Children are often featured in du Maurier's stories, usually dead, exploited, or abused ("The Alibi," "Ganymede," "The Lordly Ones," "No Motive," "Don't Look Now"). Sometimes they possess an uncanny ability to see truth or "the other side" of a secret world inaccessible to adults. "The Pool," for example, is a story of a young girl on her annual summer visit to her grandparents. Deborah has a passionate relationship to nature, particularly to a pool that she considers "holy ground." She creeps out of bed at night, leaving behind her those who have shut out "all the meaning and all the point" and have "forgotten the secrets." In an altered state of consciousness she almost drowns, and the significance of her desperate attempts to hold on to the "magic" becomes clear in the last scene where she lies in bed with her first menstrual period, aware that "the hidden world … was out of her reach forever."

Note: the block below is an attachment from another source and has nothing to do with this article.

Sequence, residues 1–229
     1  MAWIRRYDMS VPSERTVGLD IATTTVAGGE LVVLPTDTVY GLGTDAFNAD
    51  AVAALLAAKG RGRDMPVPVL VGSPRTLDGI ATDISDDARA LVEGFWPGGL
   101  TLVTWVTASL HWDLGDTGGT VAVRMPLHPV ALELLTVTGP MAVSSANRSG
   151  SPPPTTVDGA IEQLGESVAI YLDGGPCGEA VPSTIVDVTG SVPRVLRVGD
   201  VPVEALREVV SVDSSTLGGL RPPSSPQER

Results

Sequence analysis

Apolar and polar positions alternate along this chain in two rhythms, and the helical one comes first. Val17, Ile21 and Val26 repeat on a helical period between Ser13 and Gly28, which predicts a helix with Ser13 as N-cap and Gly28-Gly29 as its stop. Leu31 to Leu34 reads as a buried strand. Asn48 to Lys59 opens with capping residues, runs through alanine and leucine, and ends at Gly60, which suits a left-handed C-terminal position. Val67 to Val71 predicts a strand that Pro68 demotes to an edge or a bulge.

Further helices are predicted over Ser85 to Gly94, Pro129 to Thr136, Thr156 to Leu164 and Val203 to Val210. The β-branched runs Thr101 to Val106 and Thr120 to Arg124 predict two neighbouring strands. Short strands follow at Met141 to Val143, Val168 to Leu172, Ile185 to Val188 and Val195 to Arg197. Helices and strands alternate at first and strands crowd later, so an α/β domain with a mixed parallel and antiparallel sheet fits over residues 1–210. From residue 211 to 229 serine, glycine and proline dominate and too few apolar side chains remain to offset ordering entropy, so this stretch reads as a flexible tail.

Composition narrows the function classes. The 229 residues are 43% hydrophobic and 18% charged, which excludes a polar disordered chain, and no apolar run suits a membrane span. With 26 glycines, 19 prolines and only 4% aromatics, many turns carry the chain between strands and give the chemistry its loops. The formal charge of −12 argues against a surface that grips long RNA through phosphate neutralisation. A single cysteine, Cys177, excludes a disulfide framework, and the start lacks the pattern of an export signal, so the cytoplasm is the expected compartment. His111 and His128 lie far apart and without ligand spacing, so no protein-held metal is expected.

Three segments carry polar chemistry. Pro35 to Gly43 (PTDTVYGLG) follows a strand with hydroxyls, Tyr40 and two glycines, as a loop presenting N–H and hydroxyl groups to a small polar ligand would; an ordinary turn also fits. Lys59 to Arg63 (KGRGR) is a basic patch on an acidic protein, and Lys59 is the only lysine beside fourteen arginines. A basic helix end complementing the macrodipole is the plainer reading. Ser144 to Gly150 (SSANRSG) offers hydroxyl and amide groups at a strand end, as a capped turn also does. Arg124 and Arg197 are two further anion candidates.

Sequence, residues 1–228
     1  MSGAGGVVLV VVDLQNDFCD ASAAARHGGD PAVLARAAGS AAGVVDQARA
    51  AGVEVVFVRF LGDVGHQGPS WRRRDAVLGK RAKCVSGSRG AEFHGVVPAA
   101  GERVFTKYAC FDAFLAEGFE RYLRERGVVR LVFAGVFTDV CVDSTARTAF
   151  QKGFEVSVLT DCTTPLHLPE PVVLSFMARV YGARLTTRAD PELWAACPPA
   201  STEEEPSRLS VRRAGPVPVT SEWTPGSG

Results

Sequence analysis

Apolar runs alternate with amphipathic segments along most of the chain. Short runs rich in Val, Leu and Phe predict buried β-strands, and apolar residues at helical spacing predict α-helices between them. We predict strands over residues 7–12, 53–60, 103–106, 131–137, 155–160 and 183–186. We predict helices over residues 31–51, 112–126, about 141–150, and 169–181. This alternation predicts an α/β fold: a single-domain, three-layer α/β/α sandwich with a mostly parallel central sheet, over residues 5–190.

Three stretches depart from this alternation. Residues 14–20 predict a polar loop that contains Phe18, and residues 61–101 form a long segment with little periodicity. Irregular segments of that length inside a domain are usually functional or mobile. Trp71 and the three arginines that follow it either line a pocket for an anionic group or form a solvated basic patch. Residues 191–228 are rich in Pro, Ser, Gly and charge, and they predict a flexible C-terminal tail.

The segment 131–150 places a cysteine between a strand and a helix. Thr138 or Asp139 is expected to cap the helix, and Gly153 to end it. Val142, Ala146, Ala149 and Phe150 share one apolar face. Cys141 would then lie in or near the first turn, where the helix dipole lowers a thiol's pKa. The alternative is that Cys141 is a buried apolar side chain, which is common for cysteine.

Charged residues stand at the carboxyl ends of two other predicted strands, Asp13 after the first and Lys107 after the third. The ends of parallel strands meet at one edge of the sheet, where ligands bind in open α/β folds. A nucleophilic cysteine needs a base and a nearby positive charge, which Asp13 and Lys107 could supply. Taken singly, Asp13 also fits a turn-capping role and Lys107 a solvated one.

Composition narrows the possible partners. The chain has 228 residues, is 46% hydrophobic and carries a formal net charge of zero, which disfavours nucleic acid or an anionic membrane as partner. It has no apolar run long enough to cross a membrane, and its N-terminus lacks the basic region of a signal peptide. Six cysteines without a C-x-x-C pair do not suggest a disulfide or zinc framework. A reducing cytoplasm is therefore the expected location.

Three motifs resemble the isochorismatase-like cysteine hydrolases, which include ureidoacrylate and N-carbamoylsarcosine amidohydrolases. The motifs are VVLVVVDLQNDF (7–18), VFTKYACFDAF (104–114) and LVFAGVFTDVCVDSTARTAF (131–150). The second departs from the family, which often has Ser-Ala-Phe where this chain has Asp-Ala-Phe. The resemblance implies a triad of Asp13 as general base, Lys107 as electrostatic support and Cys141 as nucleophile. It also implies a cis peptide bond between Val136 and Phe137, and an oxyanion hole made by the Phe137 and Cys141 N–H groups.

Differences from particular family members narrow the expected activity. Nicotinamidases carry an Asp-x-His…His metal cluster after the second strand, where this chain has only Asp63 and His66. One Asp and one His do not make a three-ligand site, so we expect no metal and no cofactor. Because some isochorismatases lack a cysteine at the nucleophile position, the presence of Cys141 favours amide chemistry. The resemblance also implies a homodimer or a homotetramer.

Du Maurier's work is full of hidden worlds. One of the most striking examples is the extraordinary "Don't Look Now," which involves a couple vacationing in Venice after the death of one of their children. In a Gothic setting of cathedrals, mistaken identities, murder, psychics, ghosts, and dwarves, du Maurier sets up an accidental encounter in a restaurant between John and Laura and two elderly twins, one of whom is blind and yet tells Laura she has "seen" her dead daughter, Christine, sitting at the table. At first Laura is exalted and relieved, believing instantly and completely in the vision, but then comes a second encounter in which the blind twin reports a warning: Christine sees danger for her father if her parents do not leave Venice immediately. Although John believes that the twins are merely exploiting his grief-stricken wife, he feels an inexplicable "sense of doom, of tragedy" as du Maurier explores the small coincidences and misunderstandings upon which humans' fate hangs.